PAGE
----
Solemnity of All Saints


“Rejoice and be glad, for your reward will be great in heaven.” Matthew 5:1-12a                                                                                               

Dear Parishioners: In today’s gospel, away from the crowds, Jesus sits down with his disciples and teaches them with the Beatitudes, the path to holiness. These are the ones who have already decided that they will follow Jesus and have left family and livelihoods to do just that. Now, before they go farther, Jesus will lay out what it means to join him on this journey. In his apostolic exhortation Rejoice and Be Glad, Pope Francis tells us, “The Beatitudes are like a Christian’s identity card. So if anyone asks: ‘What must one do to be a good Christian?’ the answer is clear” (63). Like the initial twelve disciples, we are to embrace and live the Beatitudes. On the journey of faith we will mourn, face persecution and insult, be called to align ourselves with the poor, hunger and thirst for righteousness, exercise mercy, be purified of heart, and bring peace. In these Christian attitudes, we proclaim our identity as followers of the Lord of life.


It’s critically important that we have the words of the Beatitudes in today’s gospel to remind us of what holiness looks like. Nowhere in the Beatitudes is a word about celibacy or, frankly, about sexuality at all. There is certainly nothing about one’s vocational state (priest, sister, married, etc.). Instead, we have attributes such as “poor in spirit,” “meek,” and “merciful.” These are the hallmarks of sanctity. And they can be practiced by anybody, religious or lay, Catholic or Protestant, even Christian or non-Christian. We recall that the Gospel of Matthew is much more about actions than words. And those actions have to do with mercy rather than celibacy.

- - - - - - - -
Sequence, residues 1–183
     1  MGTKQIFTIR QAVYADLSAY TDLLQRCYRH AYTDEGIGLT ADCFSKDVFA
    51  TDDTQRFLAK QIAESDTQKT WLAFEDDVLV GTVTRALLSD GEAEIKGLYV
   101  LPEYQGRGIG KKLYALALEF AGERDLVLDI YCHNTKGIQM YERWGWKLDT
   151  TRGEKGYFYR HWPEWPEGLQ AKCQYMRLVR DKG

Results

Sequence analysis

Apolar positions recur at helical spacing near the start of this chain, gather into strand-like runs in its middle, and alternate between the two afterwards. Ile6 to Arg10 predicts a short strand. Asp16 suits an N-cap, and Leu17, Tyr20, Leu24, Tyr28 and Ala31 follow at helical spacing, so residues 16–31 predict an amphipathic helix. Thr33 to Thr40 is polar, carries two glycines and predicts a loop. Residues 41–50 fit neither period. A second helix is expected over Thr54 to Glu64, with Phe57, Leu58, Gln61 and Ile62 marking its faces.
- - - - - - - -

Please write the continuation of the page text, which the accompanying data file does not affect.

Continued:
Holiness and sanctity can seem so out of reach when we have as examples those whose lives are so different from the vast majority. Sanctity is not a prize given to those who complete a marathon, something most people cannot do. Instead, sanctity is something each of us is called to. Holiness is something each Christian can live. It is nothing more than living the paschal mystery, a daily dying to self so that we put others before us. Family members practice this daily! When parents sacrifice their own wants for the sake of their children, or when siblings put the needs of their brothers or sisters before their own, these are acts of sanctity. It is through such acts that we live the gospel passage today as “peace-makers.” Division and strife are not marks of sanctity; unity and peace are. Let us live the gospel message today and, in so doing, live the paschal mystery into our own sanctity.


In the Good Shepherd,

Rev. Robert B. Adamo